The week started with a conference call with BBC management in advance of their submission to the Ofcom review of Public Service Broadcasting. We broadly welcome the BBC's submission although there are some elements which cause us concern - the pooling of news resources (leading to job cuts at ITV) and their insistence of 'self-help' at Channel 4 (leading to job cuts at C4). But we strongly support their case for defence of the unitary receipt of the licence fee and welcome BBC support for the idea of using other regulatory mechanisms such as spectrum allocation to help fund commercial public service broadcasters.
On Monday I also met Richard Balfe, the Conservative Party's envoy to the co-operative and trades union movement. Honestly, that's what it says on his business card.
We asked lots of questions about what a future Conservative government would do on employment law, statutory recognition, the future of public service broadcasting. We've not had any answers yet.
Having had 3 NEC sub-committees at the end of last week I also spent some time following up as many action points as possible and wrote to Lord Malloch-Brown following up my recent meeting with him.
On Tuesday I had a telephone conference with officials from the newspapers sector to discuss the latest job cuts at Newsquest and the situation in Scotland. We will be talking with all our reps in the next couple of weeks to plan the next stage of our campaign against increased workloads and stress resulting from the job losses.
I also put in our submission to the Joint Committee on Human Rights which is looking in to policing and protest, pulling together material about the intimidation, harassment, violence and obstruction faced by journalists, especially photographers and camera crew, covering protests and our recent concerns over police surveillance of photographers. There's some more excellent stuff on it on the these two blogs.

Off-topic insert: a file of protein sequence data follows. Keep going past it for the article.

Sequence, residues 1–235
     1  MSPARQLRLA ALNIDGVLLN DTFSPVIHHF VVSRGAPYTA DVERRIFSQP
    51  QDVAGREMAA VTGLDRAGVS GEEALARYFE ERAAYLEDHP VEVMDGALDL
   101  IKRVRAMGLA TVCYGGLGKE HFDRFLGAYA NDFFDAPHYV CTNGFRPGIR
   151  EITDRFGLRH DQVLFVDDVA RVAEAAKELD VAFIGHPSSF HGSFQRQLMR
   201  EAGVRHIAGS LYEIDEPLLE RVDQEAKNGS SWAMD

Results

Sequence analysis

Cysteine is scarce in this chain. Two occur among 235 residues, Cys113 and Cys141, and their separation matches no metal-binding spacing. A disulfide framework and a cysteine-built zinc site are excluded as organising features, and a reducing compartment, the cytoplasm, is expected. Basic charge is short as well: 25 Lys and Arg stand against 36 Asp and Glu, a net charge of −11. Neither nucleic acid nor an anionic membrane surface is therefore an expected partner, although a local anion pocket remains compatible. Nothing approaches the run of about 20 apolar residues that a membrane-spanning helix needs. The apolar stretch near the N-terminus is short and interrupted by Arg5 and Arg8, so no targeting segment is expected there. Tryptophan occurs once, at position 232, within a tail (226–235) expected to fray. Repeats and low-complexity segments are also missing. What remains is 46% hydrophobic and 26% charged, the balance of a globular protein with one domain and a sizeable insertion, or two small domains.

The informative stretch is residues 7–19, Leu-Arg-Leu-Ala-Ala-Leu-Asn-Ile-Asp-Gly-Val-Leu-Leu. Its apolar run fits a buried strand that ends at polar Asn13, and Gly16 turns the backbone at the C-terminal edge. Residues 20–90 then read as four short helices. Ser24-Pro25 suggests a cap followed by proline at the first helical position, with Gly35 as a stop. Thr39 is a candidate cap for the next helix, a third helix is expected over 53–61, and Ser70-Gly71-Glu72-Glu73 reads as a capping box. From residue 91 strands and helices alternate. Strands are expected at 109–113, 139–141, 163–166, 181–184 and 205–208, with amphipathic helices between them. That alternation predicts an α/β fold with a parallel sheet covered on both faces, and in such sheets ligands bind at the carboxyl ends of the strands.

Finally yesterday it was over to the South London Press for the next stage of the wage negotiations. First off we met management and then had a chapel meeting.
Today I'm having another phone conference - this time with the chair and vice-chair of policy committee to plan some of the work over the coming months, am meeting with Bectu General Secretary Gerry Morrissey to continue our discussions about sharing a building before a campaigns meeting with reps from the BBC World Service's South Asia service.
Then I'm off to Glastonbury tonight. So the blog won't be back around until Tuesday next week. But you can still keep up with what I'm up to here
For the past 8 years or so I and a number of NU activists have worked at Glastonbury every year - either with the Workers' Beer Company raising money for NUJ and labour movement causes or in more recent years in The Leftfield - the social conscience of the festival. This year my grand title is Political Liaison Officer for The Leftfield. But over the next 4 days we've got bands, speakers, stalls, rallies on slavery, anti-racism, miscarriages of justice, Latin America, trade union rights and much more. It's not everyone's idea of a holiday but I get a real buzz and inspiration from all the campaigners, bands, comedians putting in so much effort for free to highlight injustice and campaign for change.
This year I'm also helping to run the Leftfield Blog.
What am i looking forward to seeing this year? Apart from some bloody sunshine, Manu Chao - and NUJ member Tony Benn of course. I wonder if they'll do a number together...